So I got pulled aside today for a closed-door meeting with my admin (always a little scary!) but what really happened was he told me I am all set to be the program coordinator for those block classes we're doing next year. He made it sound like I would be essentially an uncompensated argument-settler and work-deligator, which I was happy to be asked to do, even if it didn't have a job title or pay package. When there's something big that needs to be figured out, I have a lot of trouble with uncertainty where I have no authority to actually do anything about it. Plus, I'll have someone to back me up when I come across as steamrollering over someone who's not being assertive enough (or just plain has a no-good idea). Man, am I a controlling bitch or what?
But THEN as I was walking out of his office, my principal stopped me and gave me the same news, except that I would actually be getting a job title (Program Coordinator, with initial capitals) AND a prep buyout if there's money to do it (and there probably would be after count day in October). What does that mean? Only an additional 1/7th of my salary! Well, and the expectation of doing a hell of a lot more work than with the informal title, but being compensated for an extra hour of work a day means I can focus on actually getting it done right rather than trying to cram it in somewhere in between other crap, all the while feeling like I'm done and should be going home.
So anyway, sorry if you have been having a lousy month or something and are continually being subjected to my telling you how great I am, but if that's the case, you've probably stopped reading my blog lately.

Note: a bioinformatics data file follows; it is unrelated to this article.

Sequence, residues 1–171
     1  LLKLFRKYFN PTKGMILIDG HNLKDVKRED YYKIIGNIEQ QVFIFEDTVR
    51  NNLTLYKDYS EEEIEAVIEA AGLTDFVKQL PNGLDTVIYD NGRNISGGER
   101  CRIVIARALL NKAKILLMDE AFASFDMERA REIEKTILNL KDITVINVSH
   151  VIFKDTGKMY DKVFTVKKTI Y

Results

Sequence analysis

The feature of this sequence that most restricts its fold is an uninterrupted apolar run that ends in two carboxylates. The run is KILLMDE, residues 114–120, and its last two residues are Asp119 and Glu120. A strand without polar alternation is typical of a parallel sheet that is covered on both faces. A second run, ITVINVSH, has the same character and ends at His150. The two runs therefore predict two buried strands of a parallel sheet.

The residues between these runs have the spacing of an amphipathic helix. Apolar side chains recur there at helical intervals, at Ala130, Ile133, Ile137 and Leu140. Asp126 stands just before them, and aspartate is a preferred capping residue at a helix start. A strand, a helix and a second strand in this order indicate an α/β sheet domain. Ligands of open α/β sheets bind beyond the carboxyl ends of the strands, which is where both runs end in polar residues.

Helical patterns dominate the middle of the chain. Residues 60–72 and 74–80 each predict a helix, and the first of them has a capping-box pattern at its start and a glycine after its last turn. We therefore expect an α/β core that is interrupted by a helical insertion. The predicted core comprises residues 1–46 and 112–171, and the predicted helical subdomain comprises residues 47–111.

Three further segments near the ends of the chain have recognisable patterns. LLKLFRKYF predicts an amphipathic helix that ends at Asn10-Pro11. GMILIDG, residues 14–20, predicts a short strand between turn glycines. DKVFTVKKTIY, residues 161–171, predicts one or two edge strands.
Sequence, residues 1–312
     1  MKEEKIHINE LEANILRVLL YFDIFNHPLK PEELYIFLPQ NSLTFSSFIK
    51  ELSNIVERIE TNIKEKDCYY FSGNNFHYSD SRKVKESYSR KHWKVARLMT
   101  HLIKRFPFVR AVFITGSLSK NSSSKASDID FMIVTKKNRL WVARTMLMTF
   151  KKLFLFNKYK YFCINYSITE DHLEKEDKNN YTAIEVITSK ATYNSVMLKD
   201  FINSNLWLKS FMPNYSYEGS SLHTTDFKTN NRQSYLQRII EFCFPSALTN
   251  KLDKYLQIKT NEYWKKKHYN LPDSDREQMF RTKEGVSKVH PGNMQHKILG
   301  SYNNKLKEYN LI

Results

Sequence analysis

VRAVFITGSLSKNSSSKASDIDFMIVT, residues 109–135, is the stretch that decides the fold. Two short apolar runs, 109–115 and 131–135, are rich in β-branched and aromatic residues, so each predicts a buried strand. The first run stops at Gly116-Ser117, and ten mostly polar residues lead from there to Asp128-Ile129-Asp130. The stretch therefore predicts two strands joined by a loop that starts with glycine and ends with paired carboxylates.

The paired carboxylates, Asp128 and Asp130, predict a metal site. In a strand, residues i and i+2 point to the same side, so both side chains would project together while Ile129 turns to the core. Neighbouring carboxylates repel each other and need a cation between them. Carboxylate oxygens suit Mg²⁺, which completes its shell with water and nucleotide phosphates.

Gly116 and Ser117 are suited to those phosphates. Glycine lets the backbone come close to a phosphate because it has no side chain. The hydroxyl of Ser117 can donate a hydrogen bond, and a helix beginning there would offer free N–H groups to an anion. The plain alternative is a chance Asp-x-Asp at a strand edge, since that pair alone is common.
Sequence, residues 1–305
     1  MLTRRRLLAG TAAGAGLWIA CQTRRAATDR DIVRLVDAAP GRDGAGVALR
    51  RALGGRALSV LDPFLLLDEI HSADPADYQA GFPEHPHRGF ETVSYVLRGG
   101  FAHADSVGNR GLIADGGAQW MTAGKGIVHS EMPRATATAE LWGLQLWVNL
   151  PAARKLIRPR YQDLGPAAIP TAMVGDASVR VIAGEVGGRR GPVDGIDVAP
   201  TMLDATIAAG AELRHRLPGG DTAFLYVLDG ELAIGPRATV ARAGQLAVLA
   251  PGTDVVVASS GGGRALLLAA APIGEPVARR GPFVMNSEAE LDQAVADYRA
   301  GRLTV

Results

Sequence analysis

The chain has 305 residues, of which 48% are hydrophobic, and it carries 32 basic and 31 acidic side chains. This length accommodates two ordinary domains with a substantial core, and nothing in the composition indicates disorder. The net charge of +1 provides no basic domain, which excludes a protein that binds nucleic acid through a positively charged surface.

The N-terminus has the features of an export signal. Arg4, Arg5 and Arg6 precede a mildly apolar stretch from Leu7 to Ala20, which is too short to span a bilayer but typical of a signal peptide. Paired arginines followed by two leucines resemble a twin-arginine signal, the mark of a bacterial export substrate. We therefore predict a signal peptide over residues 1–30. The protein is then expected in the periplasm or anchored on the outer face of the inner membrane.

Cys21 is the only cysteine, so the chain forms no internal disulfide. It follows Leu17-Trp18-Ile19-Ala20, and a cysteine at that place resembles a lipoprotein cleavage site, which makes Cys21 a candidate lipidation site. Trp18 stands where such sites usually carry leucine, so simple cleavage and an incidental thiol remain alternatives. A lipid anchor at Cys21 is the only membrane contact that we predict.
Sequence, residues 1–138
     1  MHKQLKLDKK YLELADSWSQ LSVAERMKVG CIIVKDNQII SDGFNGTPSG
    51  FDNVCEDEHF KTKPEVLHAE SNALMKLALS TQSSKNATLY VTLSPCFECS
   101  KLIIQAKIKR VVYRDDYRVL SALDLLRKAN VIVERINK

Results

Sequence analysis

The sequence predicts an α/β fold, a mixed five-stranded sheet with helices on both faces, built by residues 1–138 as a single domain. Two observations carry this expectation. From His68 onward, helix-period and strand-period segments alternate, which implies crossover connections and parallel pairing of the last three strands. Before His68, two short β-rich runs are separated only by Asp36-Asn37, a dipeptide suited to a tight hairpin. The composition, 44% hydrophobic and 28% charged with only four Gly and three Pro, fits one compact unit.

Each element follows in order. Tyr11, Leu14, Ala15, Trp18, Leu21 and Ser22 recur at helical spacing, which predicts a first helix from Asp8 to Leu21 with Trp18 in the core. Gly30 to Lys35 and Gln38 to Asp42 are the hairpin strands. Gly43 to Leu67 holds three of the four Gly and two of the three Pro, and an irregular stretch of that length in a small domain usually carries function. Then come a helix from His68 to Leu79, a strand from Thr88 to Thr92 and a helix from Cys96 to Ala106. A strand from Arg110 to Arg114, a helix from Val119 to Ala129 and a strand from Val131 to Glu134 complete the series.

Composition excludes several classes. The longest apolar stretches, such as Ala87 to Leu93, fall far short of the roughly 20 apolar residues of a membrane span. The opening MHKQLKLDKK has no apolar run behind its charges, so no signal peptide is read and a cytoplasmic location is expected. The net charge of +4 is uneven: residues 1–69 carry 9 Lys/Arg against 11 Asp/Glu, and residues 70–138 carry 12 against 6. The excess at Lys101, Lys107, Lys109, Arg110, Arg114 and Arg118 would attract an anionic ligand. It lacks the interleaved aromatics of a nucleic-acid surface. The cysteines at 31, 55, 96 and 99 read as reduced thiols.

Don't worry; soon it will be summer and I will be back to being angsty and restless again and you can stop listening to me brag all the time.
Monday, April 28, 2008
Anyways, I have 2 double-blocks (twice as many kids for twice as long, with another teacher in the fancy new office room they're outfitting for us) and a section of HONORS American Lit! Hooray for me! No more glazed-over expressions while we strain to read in class because I can make them do that at home! I can just do the fun stuff that comes before or after reading!
Okay, you're all going to comment (well, Deidre will, at least) to tell me how I'm like a billion years behind everybody else who uses the Internets, but I have been listening constantly to Pandora internet radio and whatever algorithm they're using is like magic! I just told them I want music like the Decemberists, the Mountain Goats, the Old 97s, Kimya Dawson, Vamipre Weekend, and about 4 or 5 others, and BAM! I've got more mellow angsty music than I can shake a stick at.
AND, like the Jurassic Park dinosaurs, IT LEARNS! Okay, so my iPod can do this too, but fuck off, okay? I can even tell things to go away for a month if it keeps coming on too much.